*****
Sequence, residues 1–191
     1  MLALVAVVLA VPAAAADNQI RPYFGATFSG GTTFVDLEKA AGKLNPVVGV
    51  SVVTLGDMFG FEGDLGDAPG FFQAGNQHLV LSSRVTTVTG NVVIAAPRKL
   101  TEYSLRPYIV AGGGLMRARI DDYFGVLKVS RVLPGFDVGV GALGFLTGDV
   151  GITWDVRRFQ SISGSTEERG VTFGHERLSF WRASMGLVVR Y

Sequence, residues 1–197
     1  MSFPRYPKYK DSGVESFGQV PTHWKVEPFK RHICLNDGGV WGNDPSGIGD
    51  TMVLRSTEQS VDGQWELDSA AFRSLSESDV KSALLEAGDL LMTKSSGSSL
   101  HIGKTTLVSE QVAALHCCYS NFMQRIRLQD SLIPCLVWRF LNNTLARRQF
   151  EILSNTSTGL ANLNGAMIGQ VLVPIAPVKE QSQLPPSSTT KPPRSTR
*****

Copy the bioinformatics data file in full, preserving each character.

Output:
Sequence, residues 1–191
     1  MLALVAVVLA VPAAAADNQI RPYFGATFSG GTTFVDLEKA AGKLNPVVGV
    51  SVVTLGDMFG FEGDLGDAPG FFQAGNQHLV LSSRVTTVTG NVVIAAPRKL
   101  TEYSLRPYIV AGGGLMRARI DDYFGVLKVS RVLPGFDVGV GALGFLTGDV
   151  GITWDVRRFQ SISGSTEERG VTFGHERLSF WRASMGLVVR Y

Sequence, residues 1–197
     1  MSFPRYPKYK DSGVESFGQV PTHWKVEPFK RHICLNDGGV WGNDPSGIGD
    51  TMVLRSTEQS VDGQWELDSA AFRSLSESDV KSALLEAGDL LMTKSSGSSL
   101  HIGKTTLVSE QVAALHCCYS NFMQRIRLQD SLIPCLVWRF LNNTLARRQF
   151  EILSNTSTGL ANLNGAMIGQ VLVPIAPVKE QSQLPPSSTT KPPRSTR